We all know that with hard, deceptive work and a good dose of moxie it’s possible to get over on the world, at least temporarily. The New York Times ‘The City’ section article “No Invitation? No Problem!” reveals a whole industry of such hard workers where gate crashing is an art you can learn in a course at The Learning Annex (how New Age to offer a curriculum ranging from gate crashing to Deepak Chopra, everything you need for this life and after.) I almost admire this kind of cleverness and drive as long as it is motivated by some true purpose: true purpose may be to serve your own career but it should also contribute something to the industry. The career gatecrashers are disturbing when they only take and never give back, there for themselves and not the industry.
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Ultimately it is our works that carry us through and if your work does not legitimately give you reason to be there, then you are taking the place of someone who does. But that’s the rub. Let’s say you are the next Marc Jacobs, young, talented, charming. Or a budding Guy Trebay, Alexander Fury, Vanessa Friedman, Michelle Leed, Robin Givhan with bon mots bursting in your brain. Or the next Anna Wintour, Aimee Song, or Imran Amed. But you have no connections and no idea how to get them. You want to get IN, into the industry, into the fashion shows. How do you do it? Below is a guide, a kind of “how to.” But be ready to back up your endeavor with hard work, talent and time. All others need not apply. This is not an overnight miracle. BUT, hook up with the right guardian angels and you may find yourself in some pretty magical places.
GET A JOB:
Perhaps it sounds silly but the first step is, get a job, any kind of job. Whatever area of the fashion business you are interested in, find work as close to that dream as possible. Do not limit yourself in what you do. Persevere. Work in the industry is a foot in the door. And with that foot in the door you meet people, make connections, learn about the business, discover mentors, hear about other job opportunities — even get invitations to fashion shows and parties. Andre Leon Talley started his career sweeping the floors of Andy Warhol’s Interview offices. Marc Jacobs worked at the once influential fashion boutique Charivari while attending high school. Anna Wintour worked as a fashion editor’s assistant at Harper’s Bazaar.
If you can, find a company with growth potential. A low level job can turn into a high level career with that same company. Admire Prada, Rodarte, Calvin Klein, Ralph Rucci, Alexander Wang, but cannot get work in the design room? Get a job in one of their stores. Want to be a stylist? Find a photographer and develop imagery together to build a portfolio from which you can get paying work. Or assist another stylist from whom you can learn. Want to be a photographer? Go to school. If you can’t afford a full course load then take classes. And use YouTube.
Photographers I know, working photographers, use YouTube videos to learn how to use software like Photoshop. Then shoot, shoot and shoot some more. Offer model agencies new-model test-shoots to help build their and your portfolios. Try and borrow clothes from young designers who then can use the photographs for their own promotion. Be there at the ground level and perhaps you can become part of the team as success comes to you all. There are many different areas in the industry; work in one may lead to work in another. Become friends with fashion industry folks using social networking sites like Facebook and Twitter and LinkedIn. It’s “not about mainstream thinking” says Mary Loving a more than thirty year veteran of the fashion and public relations industry. “To be successful you have to be creative and bring a new ingredient to the business.” That new ingredient may very well be, your Self.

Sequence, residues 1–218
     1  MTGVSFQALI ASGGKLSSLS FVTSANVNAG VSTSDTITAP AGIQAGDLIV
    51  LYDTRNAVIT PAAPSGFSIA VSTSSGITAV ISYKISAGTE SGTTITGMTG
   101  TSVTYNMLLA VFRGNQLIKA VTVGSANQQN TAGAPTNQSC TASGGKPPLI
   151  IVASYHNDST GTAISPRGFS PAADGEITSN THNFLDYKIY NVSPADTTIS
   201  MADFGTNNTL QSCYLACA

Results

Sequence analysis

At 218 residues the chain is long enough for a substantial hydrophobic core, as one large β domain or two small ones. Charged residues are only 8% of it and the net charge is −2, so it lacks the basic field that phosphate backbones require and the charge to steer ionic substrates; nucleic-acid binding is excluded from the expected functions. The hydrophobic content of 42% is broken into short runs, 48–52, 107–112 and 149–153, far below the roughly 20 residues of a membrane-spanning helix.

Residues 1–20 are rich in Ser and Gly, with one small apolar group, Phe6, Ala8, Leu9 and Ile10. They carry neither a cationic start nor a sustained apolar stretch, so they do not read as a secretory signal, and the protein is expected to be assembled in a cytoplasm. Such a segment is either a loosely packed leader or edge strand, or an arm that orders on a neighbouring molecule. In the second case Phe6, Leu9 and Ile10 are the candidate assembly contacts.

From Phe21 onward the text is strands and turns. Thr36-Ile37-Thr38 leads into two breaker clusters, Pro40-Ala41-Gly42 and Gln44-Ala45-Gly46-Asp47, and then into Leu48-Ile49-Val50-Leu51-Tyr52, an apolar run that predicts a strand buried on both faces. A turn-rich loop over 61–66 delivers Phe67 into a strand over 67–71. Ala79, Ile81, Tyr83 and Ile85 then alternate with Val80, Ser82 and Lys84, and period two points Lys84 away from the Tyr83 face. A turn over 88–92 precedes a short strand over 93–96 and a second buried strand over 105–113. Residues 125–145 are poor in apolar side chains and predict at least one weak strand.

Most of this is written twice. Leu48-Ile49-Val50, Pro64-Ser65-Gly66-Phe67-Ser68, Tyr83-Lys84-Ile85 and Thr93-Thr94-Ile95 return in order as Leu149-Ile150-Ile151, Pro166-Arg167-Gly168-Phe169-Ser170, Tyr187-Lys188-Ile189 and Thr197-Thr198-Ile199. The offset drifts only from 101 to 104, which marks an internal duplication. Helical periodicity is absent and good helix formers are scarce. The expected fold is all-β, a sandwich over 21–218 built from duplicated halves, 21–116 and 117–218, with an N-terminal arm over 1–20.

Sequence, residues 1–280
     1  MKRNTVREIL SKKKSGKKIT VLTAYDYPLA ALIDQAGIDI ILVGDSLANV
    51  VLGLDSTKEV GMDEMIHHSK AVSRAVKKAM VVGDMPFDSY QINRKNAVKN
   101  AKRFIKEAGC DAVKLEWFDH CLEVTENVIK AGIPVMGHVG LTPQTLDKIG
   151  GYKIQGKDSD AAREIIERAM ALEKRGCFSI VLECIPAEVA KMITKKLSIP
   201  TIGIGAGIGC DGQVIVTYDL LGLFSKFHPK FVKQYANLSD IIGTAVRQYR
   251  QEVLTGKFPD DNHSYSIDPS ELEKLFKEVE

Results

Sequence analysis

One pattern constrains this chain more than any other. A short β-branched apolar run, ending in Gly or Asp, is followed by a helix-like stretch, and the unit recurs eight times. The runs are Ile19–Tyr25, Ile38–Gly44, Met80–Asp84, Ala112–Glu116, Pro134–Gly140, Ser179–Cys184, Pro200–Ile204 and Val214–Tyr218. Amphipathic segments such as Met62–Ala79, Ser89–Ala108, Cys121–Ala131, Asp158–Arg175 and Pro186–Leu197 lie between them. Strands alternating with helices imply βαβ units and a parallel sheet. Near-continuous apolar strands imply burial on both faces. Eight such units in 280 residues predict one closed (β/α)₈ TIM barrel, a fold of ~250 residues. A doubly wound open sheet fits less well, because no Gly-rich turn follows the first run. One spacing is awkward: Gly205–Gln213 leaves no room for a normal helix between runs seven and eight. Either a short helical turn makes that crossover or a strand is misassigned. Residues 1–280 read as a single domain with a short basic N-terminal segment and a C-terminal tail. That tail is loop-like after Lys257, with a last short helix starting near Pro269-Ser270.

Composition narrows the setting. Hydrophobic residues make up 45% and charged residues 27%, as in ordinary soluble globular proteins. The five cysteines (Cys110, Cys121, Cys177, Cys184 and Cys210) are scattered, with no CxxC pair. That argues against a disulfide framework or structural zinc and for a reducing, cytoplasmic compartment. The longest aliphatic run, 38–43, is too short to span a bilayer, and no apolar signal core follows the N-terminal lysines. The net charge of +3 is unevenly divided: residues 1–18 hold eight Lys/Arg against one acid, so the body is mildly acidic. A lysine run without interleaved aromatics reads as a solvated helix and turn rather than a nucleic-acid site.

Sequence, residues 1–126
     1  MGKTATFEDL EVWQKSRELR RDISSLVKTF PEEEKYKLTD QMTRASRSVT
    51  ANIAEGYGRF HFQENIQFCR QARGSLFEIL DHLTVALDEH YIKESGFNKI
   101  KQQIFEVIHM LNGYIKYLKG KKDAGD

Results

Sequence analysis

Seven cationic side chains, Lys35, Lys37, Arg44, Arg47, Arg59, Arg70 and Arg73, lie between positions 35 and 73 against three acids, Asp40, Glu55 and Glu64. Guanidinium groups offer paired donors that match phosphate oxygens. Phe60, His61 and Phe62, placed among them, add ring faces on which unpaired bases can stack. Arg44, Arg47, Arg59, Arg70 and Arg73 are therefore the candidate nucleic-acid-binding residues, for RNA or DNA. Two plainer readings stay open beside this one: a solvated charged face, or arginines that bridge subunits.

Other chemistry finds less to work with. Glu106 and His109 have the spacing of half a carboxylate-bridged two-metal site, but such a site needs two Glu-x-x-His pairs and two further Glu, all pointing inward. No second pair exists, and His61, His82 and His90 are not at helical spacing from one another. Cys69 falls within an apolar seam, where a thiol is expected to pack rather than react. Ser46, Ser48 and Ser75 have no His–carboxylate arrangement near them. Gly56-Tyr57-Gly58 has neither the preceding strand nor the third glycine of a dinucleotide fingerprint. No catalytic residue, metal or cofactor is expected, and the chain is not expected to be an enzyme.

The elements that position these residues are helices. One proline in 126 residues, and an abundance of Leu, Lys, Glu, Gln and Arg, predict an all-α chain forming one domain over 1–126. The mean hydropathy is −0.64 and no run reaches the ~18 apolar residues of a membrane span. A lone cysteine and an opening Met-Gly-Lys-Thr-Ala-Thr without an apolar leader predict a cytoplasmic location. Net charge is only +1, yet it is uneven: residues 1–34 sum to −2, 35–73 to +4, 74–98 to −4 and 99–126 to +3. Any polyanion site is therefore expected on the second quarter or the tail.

INTERN OR VOLUNTEER:
If finding a job is difficult and a paid internship is not available then find an unpaid internship. Use job sites like Indeed.com, Glassdoor. LinkedIn or dedicated intern sites like Internship.com. Google internships and see what comes up. Interested in media? Try mediabistro.com. Cold call. Especially in the months immediately prior to Fashion Week, there may be a need for extra help. Interested in Public Relations and Marketing? Try PR companies. Interested in design try fashion houses. Production? Talk to the companies who put on the shows and serve as backstage support. Offer your services as a volunteer. Be a dresser backstage. Even though you are offering up your services for no pay, make sure you have an up-to-date resume and any work samples to show why you should be selected. And if there is nothing available now, they will have something to keep on file for future. Follow up, to keep those connections alive, by checking in or sending updated information and work samples. Stay on their radar. Work hard, be responsible, be reliable, and what was for no pay can turn into a paid job.
START A BLOG:
Start your own project. If you write, create your own website or fashion blog. Publish your pieces on LinkedIn, Medium or pitch them to the Huffington Post Daily Beast or Yahoo. Use site services such as WordPress or BlogSpot or Tumblr or Pinterest. With a blog you can join with other fashion blogs and gain industry exposure through the group, contributing content to such network sites as Independent Fashion Bloggers. If you don’t write particularly well make it visual. Take your own photographs or hook up with a similarly ambitious, talented, young photographer and share the images on Instagram. Make videos and create a YouTube channel (YouTube is second only to Google in search engine popularity.) Promote on your social networks, especially those with the largest audience and engagement Facebook, and Instagram. Learn about SEO (Search Engine Optimization) and hashtags to gain a wider audience. Create inspired by what you love and put your heart, passion and hard work into it.
USE SOCIAL MEDIA: